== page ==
I still need to pack for the cottage we’re going to tomorrow.  Need to go to the attic and haul down the pack’n’play.  Need to figure out what books and toys to bring.  Need to pack snacks and bottles.  Need to put everything in the car and drive three hours up North for the 11th time this summer.  Back and forth we drive, getting Stella to a bunch of cottages where she laughs and plays and gets to love her life.  Where we get to be with friends who love us and tell us we will be okay.  Where people cook for us, look after us, love us.  But it’s tiring to keep packing, unpacking, driving.  We get out of the city but we never get to escape our life.  It’s like a jail made of sunlight.


Right now…

I miss my life.  I miss the friends that I can’t bring myself to call or talk to anymore because I can’t pretend to have social conversations when all I want to do is scream and cry.  I miss school.  I miss work.  I miss standing in line at Tim Horton’s every morning and being entertained by the characters that hang out at St. Mike’s hospital.  I miss looking forward to Hallowe’en and Christmas.  I miss juggling play dates with BBQ’s.  I miss planning how Stella will take soccer lessons when she’s three, go to camp when she’s six and get into that damn daycare she’s been on the list for since I was 8 weeks pregnant.


Right now…

I feel lucky, I feel unlucky.

I laugh, I cry.

I am tired, I can’t sleep.

I get, I give, I get.

I  feel everything, I feel nothing.

I am me, I don’t know myself.

I need nothing, I need everything.

I am strong, I am weak.

I want to reach out, I want to run away.

I am surrounded by people, I am lonely.

I am overwhelmed.

I am angry.

I am grateful.

I am lost.

I am loved.

I am scared.


Right now…

Stella lives and breathes and laughs and loves.


Right now…

I am Stella’s Mama.


I am Stella’s Mama.



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Her…Here (by Auntie Juju)

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Her…Here by: Auntie Juju

I have been avoiding this website like a cancer-infested plague since I heard it went up months ago. I have always been so affected by written words, maybe because I am so much better at expressing myself on paper, so much more (or just basically) confident. This feels like a memorial sometimes for someone who is still here, most of the time really still here. Not because of what anyone is writing, just because. It takes me out of the present and into the projected, anticipated past and I don’t like that.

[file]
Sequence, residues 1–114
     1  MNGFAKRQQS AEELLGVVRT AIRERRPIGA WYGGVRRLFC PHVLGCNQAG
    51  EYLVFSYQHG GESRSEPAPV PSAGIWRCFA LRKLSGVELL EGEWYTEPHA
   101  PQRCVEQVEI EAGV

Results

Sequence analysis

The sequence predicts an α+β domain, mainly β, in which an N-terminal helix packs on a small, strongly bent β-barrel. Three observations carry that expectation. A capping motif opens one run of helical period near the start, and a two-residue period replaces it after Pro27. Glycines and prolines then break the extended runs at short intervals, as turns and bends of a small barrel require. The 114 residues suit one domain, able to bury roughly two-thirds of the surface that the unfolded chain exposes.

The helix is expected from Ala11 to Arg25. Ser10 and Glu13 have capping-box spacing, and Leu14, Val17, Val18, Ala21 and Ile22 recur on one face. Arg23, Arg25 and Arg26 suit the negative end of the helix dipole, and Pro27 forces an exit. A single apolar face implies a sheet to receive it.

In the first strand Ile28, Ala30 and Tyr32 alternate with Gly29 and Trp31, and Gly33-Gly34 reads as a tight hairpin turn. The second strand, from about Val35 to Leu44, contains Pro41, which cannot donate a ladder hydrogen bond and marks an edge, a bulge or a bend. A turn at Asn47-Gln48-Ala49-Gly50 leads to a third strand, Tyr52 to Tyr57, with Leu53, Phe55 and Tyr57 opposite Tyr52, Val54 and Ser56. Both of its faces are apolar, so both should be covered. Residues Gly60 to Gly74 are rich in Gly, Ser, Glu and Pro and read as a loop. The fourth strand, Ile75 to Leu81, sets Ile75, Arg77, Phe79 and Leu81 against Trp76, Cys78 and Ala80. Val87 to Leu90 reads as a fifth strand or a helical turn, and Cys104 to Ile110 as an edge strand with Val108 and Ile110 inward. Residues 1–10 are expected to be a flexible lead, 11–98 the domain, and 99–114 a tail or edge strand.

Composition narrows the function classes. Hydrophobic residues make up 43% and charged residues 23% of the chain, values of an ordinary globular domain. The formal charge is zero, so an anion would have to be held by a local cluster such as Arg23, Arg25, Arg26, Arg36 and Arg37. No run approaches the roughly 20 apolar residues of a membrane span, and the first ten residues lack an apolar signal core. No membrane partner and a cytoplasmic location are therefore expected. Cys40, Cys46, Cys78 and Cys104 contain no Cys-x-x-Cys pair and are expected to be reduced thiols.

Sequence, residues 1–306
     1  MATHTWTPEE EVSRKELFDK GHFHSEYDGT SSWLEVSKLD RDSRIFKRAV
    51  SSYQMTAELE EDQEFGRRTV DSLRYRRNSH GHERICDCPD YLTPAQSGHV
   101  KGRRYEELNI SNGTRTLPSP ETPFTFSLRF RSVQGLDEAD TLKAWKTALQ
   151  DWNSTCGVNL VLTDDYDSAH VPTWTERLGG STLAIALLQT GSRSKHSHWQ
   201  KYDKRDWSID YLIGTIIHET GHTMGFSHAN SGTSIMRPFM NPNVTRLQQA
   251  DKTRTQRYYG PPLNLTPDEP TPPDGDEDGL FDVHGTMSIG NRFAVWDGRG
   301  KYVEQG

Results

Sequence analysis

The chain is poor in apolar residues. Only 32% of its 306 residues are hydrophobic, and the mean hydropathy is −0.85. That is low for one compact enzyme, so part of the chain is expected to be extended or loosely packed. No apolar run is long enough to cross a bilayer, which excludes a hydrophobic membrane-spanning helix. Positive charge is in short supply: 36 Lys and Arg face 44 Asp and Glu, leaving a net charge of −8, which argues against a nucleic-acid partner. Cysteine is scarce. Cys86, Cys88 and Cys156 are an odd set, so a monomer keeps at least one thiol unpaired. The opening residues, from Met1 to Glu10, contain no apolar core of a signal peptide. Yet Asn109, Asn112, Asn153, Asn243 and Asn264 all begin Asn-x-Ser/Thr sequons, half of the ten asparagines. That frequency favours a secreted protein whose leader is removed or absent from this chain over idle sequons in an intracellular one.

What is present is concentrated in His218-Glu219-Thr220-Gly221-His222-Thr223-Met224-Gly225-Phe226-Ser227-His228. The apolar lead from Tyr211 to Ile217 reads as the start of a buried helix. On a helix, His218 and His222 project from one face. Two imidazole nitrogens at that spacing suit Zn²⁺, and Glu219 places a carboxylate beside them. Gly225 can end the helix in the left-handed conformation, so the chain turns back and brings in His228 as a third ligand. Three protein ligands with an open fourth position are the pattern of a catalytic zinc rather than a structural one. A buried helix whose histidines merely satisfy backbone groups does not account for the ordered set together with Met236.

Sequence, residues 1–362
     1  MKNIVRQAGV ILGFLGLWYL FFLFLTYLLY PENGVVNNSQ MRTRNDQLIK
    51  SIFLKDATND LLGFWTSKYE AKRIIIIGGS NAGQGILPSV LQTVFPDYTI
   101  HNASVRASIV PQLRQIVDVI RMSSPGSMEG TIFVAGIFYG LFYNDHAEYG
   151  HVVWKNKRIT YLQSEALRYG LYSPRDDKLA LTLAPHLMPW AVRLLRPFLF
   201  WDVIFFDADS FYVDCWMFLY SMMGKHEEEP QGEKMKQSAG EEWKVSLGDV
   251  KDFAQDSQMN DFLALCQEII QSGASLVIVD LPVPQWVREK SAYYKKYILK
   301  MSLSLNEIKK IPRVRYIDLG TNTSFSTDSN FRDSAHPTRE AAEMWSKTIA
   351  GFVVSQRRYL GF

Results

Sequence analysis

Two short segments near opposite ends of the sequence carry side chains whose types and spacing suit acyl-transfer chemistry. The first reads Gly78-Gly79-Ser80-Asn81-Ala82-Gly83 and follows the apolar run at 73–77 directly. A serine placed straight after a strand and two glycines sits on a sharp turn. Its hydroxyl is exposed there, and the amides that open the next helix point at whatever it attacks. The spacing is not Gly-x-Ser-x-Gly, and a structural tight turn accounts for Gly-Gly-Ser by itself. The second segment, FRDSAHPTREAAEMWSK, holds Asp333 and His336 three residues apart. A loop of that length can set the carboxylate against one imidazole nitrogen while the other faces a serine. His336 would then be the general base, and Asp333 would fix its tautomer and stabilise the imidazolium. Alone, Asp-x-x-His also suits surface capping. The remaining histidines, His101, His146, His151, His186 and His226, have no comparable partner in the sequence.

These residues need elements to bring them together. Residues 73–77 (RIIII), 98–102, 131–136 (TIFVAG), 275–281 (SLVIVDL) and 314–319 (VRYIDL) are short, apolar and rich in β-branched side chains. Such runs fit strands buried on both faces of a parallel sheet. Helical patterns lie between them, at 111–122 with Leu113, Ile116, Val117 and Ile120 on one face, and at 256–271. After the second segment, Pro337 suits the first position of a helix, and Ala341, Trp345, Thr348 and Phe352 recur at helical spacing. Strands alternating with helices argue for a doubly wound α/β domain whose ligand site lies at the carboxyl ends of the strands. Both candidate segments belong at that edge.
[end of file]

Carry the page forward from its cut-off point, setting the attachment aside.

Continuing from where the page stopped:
Sometimes I think stella is just messing with me. She’ll be sitting in the car and she’ll randomly say I want the camera. The camera is not within reach, and definitely not within sight but that is what she wants, so I twist and shove things around and find it but it isn’t the camera she wants its the little orange bag that holds the camera. But she wants it zipped up. Without the camera in it. Clipped onto gracie’s backpack. With 3 goldfish crackers in it. Not her crackers- gracie’s. Then she wants to choose a new band-aid, and get a new pony tail, and put on aim’s deodorant by herself, and put the cap back on by herself, and put it back on a different shelf facing southwest. I honestly think that sometimes she’s messing with me. Just to see if I can keep up, and solve the present puzzle with just my two hands and one brain and one heart that is ever expanding for this beautiful, quirky little kid I am getting to know so much better since we found out she is dying.


I am really getting to know the tiny curves of stella’s personality, and loving her in her own right, not as my niece or as my daughter’s cousin but as an independent entity, as someone I love who happens to be family rather than a family member I feel a certain kind of love for automatically because I saw her the day she was born and watched her learn to walk and talk and baby bounced her to sleep sometimes on those small occasions when she let her mothers go for a second to suss out the arms of someone else. My niece isn’t dying anymore, stella is. Unconnected now in terms of my grief I will grieve her solely now for who she is that the world is losing as a separate thing to what that losing will mean for her mothers and her grandparents and all the rest of us.


It can take a long time for her to answer questions right now, and get her own questions out, and when I’m with her I am determined to allow her as much time she needs to do that because I don’t want her to choose from one of my options, I want to know what she really wants. I want her to climb a staircase if she wants to even if she can’t really climb the staircase.